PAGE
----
Lynne has also written the Foreword for the recently published book, 'The Casebook of Glasgow's Victorian Detective' by A. Carmichael.

 

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Paperbacks (also available as EBooks)

 

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A Grim Almanac of Glasgow is a day-to-day catalogue of 366 ghastly tales from around the city. Full of dreadful deeds, strange disappearances and a multitude of mysteries, this almanac explores the darker side of Glasgow's past. Here are stories of tragedy, torment and the truly unfortunate with diverse tales of brutal murders, tragic suicides, and macabre events, including the experiments of Dr Andrew Ure, who, in 1818, applied electricity to the dead body of an executed murderer, animating the corpse and convincing spectators that the murderer had come back to life! All these, plus tales of fires, explosions and bizarre accidents, are here. Generously illustrated, this chronicle is an entertaining and readable record of Glasgow's grim past. Read on...if you dare!

Published by The History Press. Available to buy from Amazon, Waterstones, Blakwells, W H Smith and many other book retailers.

 


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This absorbing collection delves into the villainous deeds that have taken place in Stirling during it's long history. Cases of murder, robbery, assault and fraud are all examined as the darker side of this historic city's past is exposed. From cases as famous as the execution of Andrew Hardie and John Baird for high treason in 1820, to little-known crimes such as that of eighty-five year old wife, Mary, in 1843, this book sheds a new light on the city's criminal history. Illustrated with a wide range of archive material and modern photogrpahs, Murder and Crime in Stirling is sure to fascinate both residents and visitors alike as these shocking events of the past are revealed for a new generation.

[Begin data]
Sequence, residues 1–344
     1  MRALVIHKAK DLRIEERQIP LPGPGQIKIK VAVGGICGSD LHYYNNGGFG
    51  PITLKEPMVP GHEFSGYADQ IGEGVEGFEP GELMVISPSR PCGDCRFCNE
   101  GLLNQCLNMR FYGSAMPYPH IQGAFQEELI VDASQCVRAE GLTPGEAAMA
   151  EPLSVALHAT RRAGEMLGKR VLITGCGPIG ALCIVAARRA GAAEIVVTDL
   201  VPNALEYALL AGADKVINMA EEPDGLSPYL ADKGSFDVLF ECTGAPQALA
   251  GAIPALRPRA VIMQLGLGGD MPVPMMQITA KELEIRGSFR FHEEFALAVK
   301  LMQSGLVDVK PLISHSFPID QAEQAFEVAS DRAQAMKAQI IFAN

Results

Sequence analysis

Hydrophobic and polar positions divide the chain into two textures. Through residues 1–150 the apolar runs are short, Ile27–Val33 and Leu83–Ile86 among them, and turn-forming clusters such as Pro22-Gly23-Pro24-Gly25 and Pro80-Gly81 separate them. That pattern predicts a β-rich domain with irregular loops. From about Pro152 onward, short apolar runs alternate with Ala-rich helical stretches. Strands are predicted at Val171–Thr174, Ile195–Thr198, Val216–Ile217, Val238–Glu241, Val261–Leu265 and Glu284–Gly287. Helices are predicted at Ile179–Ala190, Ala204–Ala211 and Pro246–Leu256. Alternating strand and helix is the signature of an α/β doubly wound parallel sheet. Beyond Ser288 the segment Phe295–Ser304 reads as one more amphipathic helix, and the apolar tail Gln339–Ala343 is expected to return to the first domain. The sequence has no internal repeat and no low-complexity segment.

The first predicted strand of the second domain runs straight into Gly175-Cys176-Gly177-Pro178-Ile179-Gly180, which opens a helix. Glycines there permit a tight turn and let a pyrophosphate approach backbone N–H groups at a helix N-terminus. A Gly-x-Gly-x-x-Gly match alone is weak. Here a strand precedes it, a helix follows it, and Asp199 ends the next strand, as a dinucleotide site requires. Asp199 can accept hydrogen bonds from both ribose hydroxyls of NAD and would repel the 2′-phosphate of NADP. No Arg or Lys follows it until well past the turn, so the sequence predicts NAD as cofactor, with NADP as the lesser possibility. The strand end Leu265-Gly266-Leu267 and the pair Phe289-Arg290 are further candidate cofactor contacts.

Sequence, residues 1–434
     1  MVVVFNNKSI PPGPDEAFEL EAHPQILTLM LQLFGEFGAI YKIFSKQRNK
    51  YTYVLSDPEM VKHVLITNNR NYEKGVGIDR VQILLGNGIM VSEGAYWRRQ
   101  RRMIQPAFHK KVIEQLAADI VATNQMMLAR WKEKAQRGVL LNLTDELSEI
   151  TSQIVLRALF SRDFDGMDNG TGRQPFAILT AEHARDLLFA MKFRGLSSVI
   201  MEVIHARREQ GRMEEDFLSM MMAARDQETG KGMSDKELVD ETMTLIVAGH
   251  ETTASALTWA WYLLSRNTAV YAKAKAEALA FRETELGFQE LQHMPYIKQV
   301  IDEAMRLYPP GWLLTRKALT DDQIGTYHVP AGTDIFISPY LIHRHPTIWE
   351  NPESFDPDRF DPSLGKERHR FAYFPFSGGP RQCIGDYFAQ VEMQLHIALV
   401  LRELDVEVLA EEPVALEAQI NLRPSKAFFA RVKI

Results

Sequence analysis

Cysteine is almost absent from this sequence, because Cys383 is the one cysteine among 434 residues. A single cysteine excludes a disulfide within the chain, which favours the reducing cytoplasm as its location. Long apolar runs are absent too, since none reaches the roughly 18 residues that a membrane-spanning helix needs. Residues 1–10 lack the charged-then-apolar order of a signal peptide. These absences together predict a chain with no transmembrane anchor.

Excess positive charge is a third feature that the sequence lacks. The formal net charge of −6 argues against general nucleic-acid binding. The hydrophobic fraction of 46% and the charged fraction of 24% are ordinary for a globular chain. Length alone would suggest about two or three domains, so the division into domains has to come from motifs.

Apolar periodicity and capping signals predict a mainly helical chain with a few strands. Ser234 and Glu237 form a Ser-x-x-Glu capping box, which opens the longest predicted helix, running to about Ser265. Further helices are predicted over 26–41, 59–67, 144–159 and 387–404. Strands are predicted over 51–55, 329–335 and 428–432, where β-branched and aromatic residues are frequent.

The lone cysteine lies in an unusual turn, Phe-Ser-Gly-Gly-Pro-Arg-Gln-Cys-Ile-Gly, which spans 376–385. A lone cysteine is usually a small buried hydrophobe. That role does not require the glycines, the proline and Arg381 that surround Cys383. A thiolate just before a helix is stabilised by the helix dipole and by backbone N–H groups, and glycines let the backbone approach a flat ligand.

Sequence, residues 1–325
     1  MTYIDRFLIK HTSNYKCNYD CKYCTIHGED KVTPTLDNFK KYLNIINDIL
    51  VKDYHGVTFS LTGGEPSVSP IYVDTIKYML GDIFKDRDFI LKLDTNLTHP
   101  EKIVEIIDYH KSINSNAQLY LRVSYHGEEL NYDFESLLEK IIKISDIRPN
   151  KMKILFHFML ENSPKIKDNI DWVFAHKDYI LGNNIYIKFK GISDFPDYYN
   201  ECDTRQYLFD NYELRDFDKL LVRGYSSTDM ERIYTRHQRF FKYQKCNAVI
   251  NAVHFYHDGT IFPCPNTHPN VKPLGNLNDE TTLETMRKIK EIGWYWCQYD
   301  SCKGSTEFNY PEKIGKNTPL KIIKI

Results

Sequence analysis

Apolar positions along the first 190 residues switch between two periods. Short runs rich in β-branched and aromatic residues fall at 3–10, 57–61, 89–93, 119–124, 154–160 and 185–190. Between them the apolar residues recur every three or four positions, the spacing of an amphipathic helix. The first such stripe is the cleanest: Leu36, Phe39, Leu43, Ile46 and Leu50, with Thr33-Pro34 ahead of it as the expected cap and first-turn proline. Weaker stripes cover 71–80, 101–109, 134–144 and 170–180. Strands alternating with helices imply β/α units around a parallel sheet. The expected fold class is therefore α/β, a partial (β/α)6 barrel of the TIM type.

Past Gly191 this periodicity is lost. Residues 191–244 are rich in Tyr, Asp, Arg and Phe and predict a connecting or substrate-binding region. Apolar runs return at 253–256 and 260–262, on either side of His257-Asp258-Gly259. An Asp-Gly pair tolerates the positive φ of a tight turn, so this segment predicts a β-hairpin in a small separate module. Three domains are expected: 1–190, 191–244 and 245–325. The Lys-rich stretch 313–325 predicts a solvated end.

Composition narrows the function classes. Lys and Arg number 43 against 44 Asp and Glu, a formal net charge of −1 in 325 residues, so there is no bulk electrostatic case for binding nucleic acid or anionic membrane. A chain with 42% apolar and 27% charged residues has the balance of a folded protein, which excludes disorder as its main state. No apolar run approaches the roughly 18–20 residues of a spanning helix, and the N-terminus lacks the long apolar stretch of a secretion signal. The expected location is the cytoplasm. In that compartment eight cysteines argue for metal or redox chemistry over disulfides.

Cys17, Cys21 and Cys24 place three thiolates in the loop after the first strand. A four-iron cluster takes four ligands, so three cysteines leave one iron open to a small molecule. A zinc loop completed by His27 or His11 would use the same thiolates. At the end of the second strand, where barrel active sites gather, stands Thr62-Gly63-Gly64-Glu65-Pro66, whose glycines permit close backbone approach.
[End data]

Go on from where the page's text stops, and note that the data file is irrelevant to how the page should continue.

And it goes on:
Published by The History Press. Available to buy from Amazon, Waterstones, Blakwells, W H Smith and many other book retailers.



About the Author

Lynne Wilson is the author of the books 'A Year in Victorian Edinburgh' and 'Crime & Punishment in Victorian Edinburgh'. Although Lynne's career has mainly consisted of scientific and research work, she has always had a strong interest in the social history of the Victorian era and has spent many years researching this topic. Having previously studied in both Edinburgh and Glasgow, Lynne now lives in Stirling and writes about the history of these cities in her spare time. 

 

Lynne has also carried out research for a local author writing a historical fiction book set in the 1880s. The author was keen to ensure that he captured the feeling of the time and wanted news stories from the time, court cases and reports on the general conditions in which all classes in society lived.  The book, 'Sherlock Holmes and The Edinburgh Haunting', by David Wilson, was published on 17th October 2012.